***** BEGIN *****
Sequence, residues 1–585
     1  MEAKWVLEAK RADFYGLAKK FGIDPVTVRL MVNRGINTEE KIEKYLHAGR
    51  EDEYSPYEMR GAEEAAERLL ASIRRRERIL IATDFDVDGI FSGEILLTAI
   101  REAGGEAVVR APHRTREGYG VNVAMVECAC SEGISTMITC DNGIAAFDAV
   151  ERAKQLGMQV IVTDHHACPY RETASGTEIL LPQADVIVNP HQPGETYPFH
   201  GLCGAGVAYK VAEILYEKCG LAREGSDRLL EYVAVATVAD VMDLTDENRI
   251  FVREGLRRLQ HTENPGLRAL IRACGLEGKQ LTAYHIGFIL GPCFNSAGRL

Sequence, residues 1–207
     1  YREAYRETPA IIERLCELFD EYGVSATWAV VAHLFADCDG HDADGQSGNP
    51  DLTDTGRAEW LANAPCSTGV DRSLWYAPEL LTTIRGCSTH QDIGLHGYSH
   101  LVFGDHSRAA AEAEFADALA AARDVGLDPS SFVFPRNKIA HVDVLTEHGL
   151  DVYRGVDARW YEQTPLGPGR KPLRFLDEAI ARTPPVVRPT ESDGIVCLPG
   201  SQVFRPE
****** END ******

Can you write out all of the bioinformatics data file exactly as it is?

Sequence, residues 1–585
     1  MEAKWVLEAK RADFYGLAKK FGIDPVTVRL MVNRGINTEE KIEKYLHAGR
    51  EDEYSPYEMR GAEEAAERLL ASIRRRERIL IATDFDVDGI FSGEILLTAI
   101  REAGGEAVVR APHRTREGYG VNVAMVECAC SEGISTMITC DNGIAAFDAV
   151  ERAKQLGMQV IVTDHHACPY RETASGTEIL LPQADVIVNP HQPGETYPFH
   201  GLCGAGVAYK VAEILYEKCG LAREGSDRLL EYVAVATVAD VMDLTDENRI
   251  FVREGLRRLQ HTENPGLRAL IRACGLEGKQ LTAYHIGFIL GPCFNSAGRL

Sequence, residues 1–207
     1  YREAYRETPA IIERLCELFD EYGVSATWAV VAHLFADCDG HDADGQSGNP
    51  DLTDTGRAEW LANAPCSTGV DRSLWYAPEL LTTIRGCSTH QDIGLHGYSH
   101  LVFGDHSRAA AEAEFADALA AARDVGLDPS SFVFPRNKIA HVDVLTEHGL
   151  DVYRGVDARW YEQTPLGPGR KPLRFLDEAI ARTPPVVRPT ESDGIVCLPG
   201  SQVFRPE